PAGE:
Vaccinium oxycoccus


Vaccinium is a genus of shrubs in the plant Family Ericaceae including the cranberry, blueberry, bilberry or whortleberry, lingonberry or cowberry, and huckleberry. The genus contains about 450 species, which are found mostly in the cooler areas of the Northern Hemisphere, although there are tropical species from as widely separated areas as Madagascar and Hawai'i. The plants prefer heath landscapes, as well as open forests. The name Vaccinium was used for a type of berry (probably the bilberry V. myrtillus) in classical Latin, but its ultimate derivation is obscure; it has nothing to do with vaccinum "of or pertaining to cows", but may be a corruption of Latin bacca, berry (OED).

The fruit develops from an inferior ovary, and is a false berry.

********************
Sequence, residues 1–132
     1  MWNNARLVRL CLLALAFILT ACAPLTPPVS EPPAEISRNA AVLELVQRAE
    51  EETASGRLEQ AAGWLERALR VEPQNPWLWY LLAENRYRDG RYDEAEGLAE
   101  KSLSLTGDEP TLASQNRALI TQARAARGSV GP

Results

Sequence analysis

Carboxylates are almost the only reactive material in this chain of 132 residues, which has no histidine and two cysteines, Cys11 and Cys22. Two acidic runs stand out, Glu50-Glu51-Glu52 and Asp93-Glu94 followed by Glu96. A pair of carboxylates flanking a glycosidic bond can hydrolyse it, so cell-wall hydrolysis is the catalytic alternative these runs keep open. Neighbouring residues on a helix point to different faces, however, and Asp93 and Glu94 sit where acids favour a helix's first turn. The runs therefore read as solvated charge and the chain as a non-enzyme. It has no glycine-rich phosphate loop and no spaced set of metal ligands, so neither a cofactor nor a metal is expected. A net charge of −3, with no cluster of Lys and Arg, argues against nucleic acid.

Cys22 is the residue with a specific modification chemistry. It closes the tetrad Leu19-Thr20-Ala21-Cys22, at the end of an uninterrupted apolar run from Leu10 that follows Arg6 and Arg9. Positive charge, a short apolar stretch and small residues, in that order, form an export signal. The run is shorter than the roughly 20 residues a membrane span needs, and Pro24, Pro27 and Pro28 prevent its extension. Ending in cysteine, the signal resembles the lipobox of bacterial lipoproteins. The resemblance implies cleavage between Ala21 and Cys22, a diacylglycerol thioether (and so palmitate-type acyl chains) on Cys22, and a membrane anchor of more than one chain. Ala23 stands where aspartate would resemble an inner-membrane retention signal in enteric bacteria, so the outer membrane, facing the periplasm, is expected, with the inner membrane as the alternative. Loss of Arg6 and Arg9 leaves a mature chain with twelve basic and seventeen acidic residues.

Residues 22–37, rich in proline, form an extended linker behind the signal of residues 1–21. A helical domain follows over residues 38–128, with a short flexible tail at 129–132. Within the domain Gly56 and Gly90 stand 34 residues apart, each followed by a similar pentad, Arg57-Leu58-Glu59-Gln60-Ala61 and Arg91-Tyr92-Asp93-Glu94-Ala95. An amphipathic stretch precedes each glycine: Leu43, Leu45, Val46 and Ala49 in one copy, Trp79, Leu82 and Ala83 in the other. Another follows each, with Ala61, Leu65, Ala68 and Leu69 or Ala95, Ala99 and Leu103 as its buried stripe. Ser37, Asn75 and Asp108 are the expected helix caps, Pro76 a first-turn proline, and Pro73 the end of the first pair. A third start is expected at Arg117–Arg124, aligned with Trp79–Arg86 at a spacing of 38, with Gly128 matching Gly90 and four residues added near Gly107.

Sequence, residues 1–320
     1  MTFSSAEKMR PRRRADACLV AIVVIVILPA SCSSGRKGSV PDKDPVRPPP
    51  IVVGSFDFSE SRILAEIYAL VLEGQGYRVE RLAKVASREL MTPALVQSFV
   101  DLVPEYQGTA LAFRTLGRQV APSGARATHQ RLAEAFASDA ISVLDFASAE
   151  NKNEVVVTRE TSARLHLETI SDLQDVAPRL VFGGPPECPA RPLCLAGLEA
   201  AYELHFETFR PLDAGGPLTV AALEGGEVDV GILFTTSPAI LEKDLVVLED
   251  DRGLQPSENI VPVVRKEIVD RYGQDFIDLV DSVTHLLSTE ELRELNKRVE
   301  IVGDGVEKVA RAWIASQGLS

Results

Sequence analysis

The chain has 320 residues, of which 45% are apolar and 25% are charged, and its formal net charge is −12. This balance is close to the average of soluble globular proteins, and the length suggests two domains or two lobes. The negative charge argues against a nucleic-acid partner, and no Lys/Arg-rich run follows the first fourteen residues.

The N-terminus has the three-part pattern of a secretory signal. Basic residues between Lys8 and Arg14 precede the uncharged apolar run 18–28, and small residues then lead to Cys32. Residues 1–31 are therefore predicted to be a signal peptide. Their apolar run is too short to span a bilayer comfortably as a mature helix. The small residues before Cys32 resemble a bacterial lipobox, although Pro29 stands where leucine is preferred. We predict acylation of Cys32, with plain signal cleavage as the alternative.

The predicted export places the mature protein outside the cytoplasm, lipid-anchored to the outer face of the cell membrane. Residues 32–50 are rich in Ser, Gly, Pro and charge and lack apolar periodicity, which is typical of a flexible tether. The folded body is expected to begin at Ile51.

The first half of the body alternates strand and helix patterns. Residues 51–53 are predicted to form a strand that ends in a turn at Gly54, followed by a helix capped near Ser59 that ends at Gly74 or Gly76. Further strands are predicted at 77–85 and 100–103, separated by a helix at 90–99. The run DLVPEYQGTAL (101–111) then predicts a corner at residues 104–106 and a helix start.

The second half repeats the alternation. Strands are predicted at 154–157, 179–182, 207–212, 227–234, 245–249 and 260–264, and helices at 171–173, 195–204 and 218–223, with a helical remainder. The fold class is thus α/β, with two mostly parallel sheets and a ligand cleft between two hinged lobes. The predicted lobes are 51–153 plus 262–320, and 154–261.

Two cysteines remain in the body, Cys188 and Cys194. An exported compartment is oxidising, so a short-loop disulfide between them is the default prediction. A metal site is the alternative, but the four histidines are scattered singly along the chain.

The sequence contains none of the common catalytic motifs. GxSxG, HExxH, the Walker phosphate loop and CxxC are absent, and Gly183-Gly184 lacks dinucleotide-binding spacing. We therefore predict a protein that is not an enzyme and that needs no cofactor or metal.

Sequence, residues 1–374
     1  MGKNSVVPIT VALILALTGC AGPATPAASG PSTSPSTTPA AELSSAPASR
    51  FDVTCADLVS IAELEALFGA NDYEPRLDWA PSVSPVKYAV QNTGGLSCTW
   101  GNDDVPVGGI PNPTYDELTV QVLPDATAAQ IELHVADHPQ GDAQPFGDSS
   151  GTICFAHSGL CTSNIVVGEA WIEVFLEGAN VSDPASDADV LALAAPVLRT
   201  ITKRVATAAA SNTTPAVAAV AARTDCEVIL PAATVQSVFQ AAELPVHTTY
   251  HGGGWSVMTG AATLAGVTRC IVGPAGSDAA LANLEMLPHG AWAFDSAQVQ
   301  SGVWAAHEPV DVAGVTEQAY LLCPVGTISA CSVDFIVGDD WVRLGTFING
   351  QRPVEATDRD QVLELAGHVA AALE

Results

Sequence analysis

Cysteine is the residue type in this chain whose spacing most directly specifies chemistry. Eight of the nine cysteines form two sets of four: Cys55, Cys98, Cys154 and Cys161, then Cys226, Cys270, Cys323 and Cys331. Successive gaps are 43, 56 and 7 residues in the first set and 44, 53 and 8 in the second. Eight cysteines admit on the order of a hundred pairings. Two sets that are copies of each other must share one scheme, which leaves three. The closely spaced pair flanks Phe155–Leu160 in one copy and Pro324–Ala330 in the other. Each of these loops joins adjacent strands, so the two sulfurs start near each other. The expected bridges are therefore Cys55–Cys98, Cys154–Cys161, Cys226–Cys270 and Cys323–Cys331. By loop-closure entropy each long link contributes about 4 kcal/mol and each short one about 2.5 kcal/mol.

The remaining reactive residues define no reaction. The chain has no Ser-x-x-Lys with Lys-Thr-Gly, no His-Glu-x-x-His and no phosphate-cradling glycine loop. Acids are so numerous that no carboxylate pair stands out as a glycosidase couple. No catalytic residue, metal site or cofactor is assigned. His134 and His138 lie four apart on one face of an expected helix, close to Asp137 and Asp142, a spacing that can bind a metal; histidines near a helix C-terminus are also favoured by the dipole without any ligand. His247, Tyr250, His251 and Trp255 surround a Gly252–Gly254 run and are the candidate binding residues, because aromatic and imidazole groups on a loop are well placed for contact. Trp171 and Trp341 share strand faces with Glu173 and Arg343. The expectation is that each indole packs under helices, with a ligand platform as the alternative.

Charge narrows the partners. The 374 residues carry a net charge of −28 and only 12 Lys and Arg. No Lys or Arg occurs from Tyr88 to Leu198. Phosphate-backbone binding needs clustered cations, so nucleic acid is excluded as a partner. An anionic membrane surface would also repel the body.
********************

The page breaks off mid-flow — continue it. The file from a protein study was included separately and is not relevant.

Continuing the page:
Vaccinium species are used as food plants by the larvae of a number of Lepidoptera (butterfly and moth) species - see list of Lepidoptera that feed on Vaccinium.

The taxonomy is complex, and still under investigation. A number of the Asian species are more closely related to Agapetes than to other Vaccinium species. A second group includes most of Orthaea and Notopora, at least some of Gaylussacia (huckleberry), and a number of species from Vaccinium, such as Vaccinium crassifolium. Other parts of Vaccinium form other groups, sometimes together with species of other genera.

A classification which predates molecular phylogeny divides Vaccinium into subgenera, and several sections:Subgenus Oxycoccus: The cranberries, with slender, trailing, wiry non-woody shoots and strongly reflexed flower petals. Some botanists treat Oxycoccus as a distinct genus.


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